Back in 2012, at the TED@SXSWi event in Austin, Texas, JP Rangaswami, then Chief Scientist at SalesForce, now Chief Data Officer at Deutsche Bank, challenged us to consider that information is food. It is an interesting analogy. I especially liked the "Supersize Me" suggestion of having to watch Fox News for 30 days.
So, if information was food - what would you do differently?
If information was food, what kind of data visualization would you like to see?
Would you be happy with the daily stodge? Not too pretty to look at, and you are not 100% sure of where the ingredients come from (and you have only been ill a few times!). Perhaps of the variety sold to the residents of Ankh-Morpork by CMOT Dibbler?
Or would you be looking for the time-consuming, detail-attentive, incredibly beautiful and incredibly expensive, Michelin starred fare?
Or is it somewhere inbetween?
The reality is, boringly, that it doesn't matter how pretty nor how ugly the presentation layer is if the ingredients are suspect. As I said in a post last year, good governance prevents people from getting food poisoning.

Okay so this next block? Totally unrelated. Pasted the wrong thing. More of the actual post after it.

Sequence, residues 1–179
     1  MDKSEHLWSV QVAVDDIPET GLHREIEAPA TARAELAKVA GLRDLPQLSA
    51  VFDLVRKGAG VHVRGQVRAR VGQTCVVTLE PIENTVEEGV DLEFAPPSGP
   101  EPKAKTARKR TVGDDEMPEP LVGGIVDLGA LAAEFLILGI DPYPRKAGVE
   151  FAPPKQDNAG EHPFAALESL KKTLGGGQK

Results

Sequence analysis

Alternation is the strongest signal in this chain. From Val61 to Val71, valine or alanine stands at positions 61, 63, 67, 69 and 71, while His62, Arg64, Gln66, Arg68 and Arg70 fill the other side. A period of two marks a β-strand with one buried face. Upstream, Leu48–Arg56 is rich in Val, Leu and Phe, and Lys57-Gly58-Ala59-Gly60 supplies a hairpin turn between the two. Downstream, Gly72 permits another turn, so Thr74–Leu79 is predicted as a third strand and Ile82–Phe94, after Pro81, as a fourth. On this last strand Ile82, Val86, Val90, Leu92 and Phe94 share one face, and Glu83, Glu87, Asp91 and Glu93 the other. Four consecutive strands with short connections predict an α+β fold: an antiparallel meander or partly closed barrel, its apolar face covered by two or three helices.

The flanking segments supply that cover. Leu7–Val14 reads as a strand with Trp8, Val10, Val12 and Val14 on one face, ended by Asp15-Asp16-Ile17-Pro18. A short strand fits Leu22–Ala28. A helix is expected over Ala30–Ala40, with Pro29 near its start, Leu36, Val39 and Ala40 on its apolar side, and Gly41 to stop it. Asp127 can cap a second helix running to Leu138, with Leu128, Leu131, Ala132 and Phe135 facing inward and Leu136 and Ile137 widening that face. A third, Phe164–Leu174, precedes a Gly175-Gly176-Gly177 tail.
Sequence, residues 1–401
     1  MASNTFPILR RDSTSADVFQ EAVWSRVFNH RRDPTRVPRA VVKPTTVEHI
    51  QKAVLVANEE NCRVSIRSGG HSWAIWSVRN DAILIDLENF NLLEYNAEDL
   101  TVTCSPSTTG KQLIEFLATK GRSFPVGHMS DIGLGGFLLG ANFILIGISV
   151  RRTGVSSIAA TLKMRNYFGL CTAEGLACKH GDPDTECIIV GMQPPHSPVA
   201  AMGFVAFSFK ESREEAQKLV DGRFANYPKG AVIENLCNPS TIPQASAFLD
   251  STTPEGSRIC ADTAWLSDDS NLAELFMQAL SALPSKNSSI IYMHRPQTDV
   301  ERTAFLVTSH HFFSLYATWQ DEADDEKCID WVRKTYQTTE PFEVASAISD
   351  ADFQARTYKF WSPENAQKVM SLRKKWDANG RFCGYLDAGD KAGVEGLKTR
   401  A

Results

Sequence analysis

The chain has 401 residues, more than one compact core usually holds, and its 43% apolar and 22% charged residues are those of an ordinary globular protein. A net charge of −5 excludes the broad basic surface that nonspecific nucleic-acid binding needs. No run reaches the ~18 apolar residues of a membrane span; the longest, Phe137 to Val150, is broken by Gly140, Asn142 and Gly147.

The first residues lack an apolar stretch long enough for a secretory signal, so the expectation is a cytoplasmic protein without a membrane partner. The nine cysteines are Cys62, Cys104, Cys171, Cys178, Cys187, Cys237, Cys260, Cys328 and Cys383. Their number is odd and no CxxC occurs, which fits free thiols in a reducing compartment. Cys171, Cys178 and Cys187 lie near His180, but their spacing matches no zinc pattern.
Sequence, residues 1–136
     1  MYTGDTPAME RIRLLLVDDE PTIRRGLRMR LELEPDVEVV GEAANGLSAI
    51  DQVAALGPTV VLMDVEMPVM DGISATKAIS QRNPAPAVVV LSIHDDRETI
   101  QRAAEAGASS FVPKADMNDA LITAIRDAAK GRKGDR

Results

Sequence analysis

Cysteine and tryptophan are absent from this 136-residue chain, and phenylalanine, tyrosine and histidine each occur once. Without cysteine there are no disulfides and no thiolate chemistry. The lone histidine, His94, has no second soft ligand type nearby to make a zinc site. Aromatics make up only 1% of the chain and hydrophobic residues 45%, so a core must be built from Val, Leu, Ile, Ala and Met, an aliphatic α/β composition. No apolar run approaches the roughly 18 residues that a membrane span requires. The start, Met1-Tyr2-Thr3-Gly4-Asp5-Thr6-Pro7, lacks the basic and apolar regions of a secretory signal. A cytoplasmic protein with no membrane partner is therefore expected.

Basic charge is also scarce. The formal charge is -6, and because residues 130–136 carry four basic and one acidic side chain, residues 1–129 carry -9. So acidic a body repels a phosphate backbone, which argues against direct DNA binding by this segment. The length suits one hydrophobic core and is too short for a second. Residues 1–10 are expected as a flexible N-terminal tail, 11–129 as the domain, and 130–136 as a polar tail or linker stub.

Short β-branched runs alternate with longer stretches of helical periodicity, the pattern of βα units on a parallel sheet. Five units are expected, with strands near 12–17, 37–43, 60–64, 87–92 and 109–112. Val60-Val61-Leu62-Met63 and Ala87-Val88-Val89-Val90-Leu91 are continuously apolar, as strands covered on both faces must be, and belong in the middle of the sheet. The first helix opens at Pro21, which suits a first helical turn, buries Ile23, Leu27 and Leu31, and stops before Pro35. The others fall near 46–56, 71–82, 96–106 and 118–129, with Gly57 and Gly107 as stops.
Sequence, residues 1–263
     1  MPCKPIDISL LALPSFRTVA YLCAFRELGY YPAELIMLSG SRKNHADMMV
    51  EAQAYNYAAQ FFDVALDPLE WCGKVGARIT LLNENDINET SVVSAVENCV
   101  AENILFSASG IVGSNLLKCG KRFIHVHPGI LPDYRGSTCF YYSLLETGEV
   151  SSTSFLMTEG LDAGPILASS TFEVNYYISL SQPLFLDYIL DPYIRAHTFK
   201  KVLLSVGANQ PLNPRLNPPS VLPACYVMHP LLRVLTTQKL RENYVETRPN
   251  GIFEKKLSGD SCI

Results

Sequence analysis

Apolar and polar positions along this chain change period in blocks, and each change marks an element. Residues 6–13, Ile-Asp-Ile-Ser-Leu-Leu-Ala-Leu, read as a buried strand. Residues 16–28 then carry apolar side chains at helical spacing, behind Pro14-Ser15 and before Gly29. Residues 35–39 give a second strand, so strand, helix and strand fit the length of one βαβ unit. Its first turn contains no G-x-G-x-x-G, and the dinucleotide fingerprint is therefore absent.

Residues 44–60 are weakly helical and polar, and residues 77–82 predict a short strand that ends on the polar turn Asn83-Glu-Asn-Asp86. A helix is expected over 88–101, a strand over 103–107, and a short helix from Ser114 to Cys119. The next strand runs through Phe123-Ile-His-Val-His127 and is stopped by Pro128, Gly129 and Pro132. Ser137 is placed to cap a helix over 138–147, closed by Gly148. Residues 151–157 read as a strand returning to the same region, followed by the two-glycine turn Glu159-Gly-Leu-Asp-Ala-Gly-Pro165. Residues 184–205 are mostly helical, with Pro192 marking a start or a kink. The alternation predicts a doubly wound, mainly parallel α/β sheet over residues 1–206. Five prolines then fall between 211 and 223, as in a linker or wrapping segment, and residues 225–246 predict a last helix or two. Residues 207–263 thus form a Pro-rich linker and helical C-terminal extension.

The first step is to get the ingredients right (or as right as we possibly can!) - then we can focus on the presentation. And focus we must. A plate of great ingredients just mashed together will not encourage our diners to return. We mush present our ingredients as best we can with the tools that we have available and then the foodies will keep coming back.
You never know, one day there may be a Michelin judge with them.
Stephen Redmond is author of Mastering QlikView, QlikView Server and Publisher and the QlikView for Developer's Cookbook
He is CTO of CapricornVentis a
Qlik Elite Partner.